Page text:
On the 1st of March, our director, Jochebed Isaacs, was featured in the New Straits Times under the Life & Times section.
Published in: New Straits Times
Published on: 1st March 2016
Written by: Meera Murugesan
There is warmth and cosiness emanating from the sunny, spacious bungalow in Kuala Lumpur that is clearly a reflection of good work being done inside.
"Hello, I'm Jo," says an attractive young woman with an inviting smile as she welcomes me into the place where she works on a cause she is passionate about.
As director of the Early Autism Project Malaysia (EAP), Jochebed Isaacs has a job that can't be compared to many others. How many of us can say that we play a role in changing the life of a child every single day?
Jochebed, who has been working with children with autism for more than a decade, has a dedication to her task that is admirable but not surprising, given her background.
The daughter of Datuk Dr Denison Jayasooria and Datin Rose Cheng Jayasooria, she learnt the importance of responding to the needs of others by watching her parents.
Her father was a pastor who later worked for the NGO, Malaysian Care and was once executive director of MIC's Yayasan Strategik Sosial which looked into social problems of the Indian community. He is currently secretary general of the Society for the Promotion of Human Rights.
Jochebed, who obviously holds her dad in high esteem, says her parents never believed in walking away from a person or community in need and it's a value they passed on to their children.
The young family in Sentul didn't have many luxuries but it was a happy, grounded childhood and one that kept Jochebed in touch with the realities of life. More importantly, her parents taught her that one must respond to a need.
"If more parents did what my parents did, we would be able to create a more conscientious society. My whole life, I was taught to look out for others, to help someone and to not ignore the poor or disadvantaged," says Jochebed who even as a child did volunteer work and was involved in fundraising attempts for needy causes.
These days, she and her dedicated team are helping to provide world-class support services for children with autism and their families so they can lead fulfilling lives.
Jochebed, who has a master's degree in clinical psychology, first got involved in this field during her student days in Australia.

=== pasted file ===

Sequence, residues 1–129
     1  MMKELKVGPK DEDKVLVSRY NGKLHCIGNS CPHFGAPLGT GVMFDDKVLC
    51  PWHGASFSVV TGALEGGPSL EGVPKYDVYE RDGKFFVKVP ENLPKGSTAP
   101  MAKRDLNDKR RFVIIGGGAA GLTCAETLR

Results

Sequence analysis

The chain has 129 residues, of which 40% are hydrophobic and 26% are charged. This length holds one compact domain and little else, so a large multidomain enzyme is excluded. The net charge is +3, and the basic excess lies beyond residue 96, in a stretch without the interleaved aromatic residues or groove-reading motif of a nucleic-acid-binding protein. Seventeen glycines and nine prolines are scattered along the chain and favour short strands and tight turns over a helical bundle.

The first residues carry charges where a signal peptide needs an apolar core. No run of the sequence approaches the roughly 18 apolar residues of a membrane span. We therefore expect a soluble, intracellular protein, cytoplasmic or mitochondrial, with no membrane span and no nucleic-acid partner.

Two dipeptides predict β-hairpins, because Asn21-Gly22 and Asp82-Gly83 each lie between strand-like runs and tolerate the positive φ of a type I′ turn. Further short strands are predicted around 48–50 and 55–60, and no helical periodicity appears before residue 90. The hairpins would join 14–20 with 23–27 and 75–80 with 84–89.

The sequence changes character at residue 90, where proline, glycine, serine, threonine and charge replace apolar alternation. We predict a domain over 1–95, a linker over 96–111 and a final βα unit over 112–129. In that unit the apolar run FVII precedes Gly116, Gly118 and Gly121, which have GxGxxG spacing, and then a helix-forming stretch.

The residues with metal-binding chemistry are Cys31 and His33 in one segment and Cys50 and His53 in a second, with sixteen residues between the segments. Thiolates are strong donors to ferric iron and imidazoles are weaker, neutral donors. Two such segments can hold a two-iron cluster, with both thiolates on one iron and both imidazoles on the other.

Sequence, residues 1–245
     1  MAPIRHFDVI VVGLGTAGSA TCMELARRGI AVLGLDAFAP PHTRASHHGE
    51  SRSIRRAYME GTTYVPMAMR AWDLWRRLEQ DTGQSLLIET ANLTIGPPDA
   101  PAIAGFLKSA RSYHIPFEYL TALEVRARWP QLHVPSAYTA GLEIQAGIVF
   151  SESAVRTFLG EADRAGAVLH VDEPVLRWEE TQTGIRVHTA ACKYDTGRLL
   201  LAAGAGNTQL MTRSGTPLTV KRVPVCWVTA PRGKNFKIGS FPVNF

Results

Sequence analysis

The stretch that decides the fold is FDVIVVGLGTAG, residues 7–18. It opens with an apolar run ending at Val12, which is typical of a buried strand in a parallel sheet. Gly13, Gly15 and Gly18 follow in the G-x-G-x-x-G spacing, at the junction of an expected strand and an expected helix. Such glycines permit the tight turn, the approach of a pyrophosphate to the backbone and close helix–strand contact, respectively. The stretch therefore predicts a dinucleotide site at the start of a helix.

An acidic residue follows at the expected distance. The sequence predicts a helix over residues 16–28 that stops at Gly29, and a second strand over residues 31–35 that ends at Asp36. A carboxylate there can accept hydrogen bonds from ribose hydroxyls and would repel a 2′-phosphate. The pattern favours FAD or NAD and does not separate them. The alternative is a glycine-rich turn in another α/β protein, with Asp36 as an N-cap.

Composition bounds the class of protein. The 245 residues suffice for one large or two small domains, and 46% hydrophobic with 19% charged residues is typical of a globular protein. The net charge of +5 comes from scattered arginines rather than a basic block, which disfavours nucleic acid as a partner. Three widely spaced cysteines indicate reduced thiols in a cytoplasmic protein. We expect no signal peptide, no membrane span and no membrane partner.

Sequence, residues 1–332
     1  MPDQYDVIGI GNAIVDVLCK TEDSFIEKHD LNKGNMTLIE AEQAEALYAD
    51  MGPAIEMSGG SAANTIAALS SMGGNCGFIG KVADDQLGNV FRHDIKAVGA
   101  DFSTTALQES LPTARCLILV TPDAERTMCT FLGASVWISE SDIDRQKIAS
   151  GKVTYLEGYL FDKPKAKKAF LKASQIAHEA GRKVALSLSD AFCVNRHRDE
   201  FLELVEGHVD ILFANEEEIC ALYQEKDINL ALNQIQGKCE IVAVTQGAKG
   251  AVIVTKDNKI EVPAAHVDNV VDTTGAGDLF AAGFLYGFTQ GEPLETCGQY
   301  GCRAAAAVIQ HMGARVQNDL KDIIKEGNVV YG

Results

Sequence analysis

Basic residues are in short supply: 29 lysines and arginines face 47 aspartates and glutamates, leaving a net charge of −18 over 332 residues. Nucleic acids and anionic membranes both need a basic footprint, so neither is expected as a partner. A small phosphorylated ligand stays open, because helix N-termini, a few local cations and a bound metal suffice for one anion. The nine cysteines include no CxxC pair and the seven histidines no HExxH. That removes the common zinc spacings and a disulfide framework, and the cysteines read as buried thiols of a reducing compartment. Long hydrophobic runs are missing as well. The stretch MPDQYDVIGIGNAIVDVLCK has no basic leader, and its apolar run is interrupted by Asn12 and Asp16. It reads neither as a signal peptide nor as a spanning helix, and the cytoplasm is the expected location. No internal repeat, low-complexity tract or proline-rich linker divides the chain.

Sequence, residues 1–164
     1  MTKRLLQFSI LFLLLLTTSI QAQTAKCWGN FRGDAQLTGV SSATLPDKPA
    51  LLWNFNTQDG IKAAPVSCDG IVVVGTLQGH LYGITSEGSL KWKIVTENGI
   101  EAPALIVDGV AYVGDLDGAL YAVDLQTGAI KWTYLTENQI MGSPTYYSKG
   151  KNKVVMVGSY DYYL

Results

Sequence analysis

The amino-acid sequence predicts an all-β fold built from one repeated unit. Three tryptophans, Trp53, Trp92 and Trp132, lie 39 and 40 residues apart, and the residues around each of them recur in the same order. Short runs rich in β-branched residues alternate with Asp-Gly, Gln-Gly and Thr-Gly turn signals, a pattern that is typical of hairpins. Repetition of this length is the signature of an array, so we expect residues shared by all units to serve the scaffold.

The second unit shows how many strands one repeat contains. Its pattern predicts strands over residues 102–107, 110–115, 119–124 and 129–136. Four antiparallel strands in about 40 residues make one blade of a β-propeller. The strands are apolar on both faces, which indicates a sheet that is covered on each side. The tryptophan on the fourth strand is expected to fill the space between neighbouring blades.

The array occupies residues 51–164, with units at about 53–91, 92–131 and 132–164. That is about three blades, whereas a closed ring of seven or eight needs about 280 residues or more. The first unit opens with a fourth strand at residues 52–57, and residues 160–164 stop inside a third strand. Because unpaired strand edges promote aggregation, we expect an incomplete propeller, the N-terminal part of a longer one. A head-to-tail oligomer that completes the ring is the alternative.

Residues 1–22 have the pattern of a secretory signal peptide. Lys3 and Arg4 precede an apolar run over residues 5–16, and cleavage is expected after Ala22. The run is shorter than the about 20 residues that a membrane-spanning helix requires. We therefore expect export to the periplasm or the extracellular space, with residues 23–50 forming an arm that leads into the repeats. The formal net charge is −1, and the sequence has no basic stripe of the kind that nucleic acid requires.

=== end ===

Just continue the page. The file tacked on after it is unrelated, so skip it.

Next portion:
She says Applied Behavioral Analysis or the ABA approach is at the moment, the most widely recognised and effective therapy for children with autism.
ABA was first developed in the 1970s. Through this approach, complex skills to be acquired by the child are broken down into smaller components to ease the learning process and learning is paired with positive reinforcement to make the process motivating for the child.
Children are also provided with sufficient practice to ensure these learnt skills can be retained and all of this is done in an environment that is child-centric, fun and playful while being meaningful and empowering for the child.
"ABA is not just a treatment option but the solution or the answer to kids with autism if they can get access to it," she says, adding that in the US, many states give funding for ABA because it is by far the most effective solution for children with autism.
The results will change the child's life and that of his family if done early and done well and that's the main reason why Jochebed is determined to ensure it reaches children who need it.
But she is also particularly concerned about children with autism from underprivileged families who may not be receiving any form of intervention.
She hopes to also reach out to such families by providing them with resources such as training booklets, videos or even work with government and non-profit agencies to train individuals from such families.
Married for seven years, the mother of an adorable 15-month-old daughter admits that like many working mums, planning her days can be a challenge.
But she's fortunate that she can bring her daughter, Eden Daesa-Rose Isaacs, to work. She has arranged for a caregiver for the baby at her workplace and this enables her to go about her day while still being an attentive mum.
Her husband, Shaun Isaacs, is a full-time employee at the couple's church but despite their work schedules, they always ensure that Eden remains their No. 1 priority. Weekends, holidays and evenings after work are always family time and they make the most out of every precious moment with their little girl.
Just as she takes motherly pride in every milestone Eden achieves, Jochebed is equally proud when the children at EAP manage to learn a skill or show a change in behaviour.
When a child with autism manages to do simple things like sit still for a haircut or say his first word or make enough progress to start school, it's a major milestone for his parents and therapists.
"For that child and his family, the future will be different and it's so rewarding to know that we have played a role in making it happen," says Jochebed.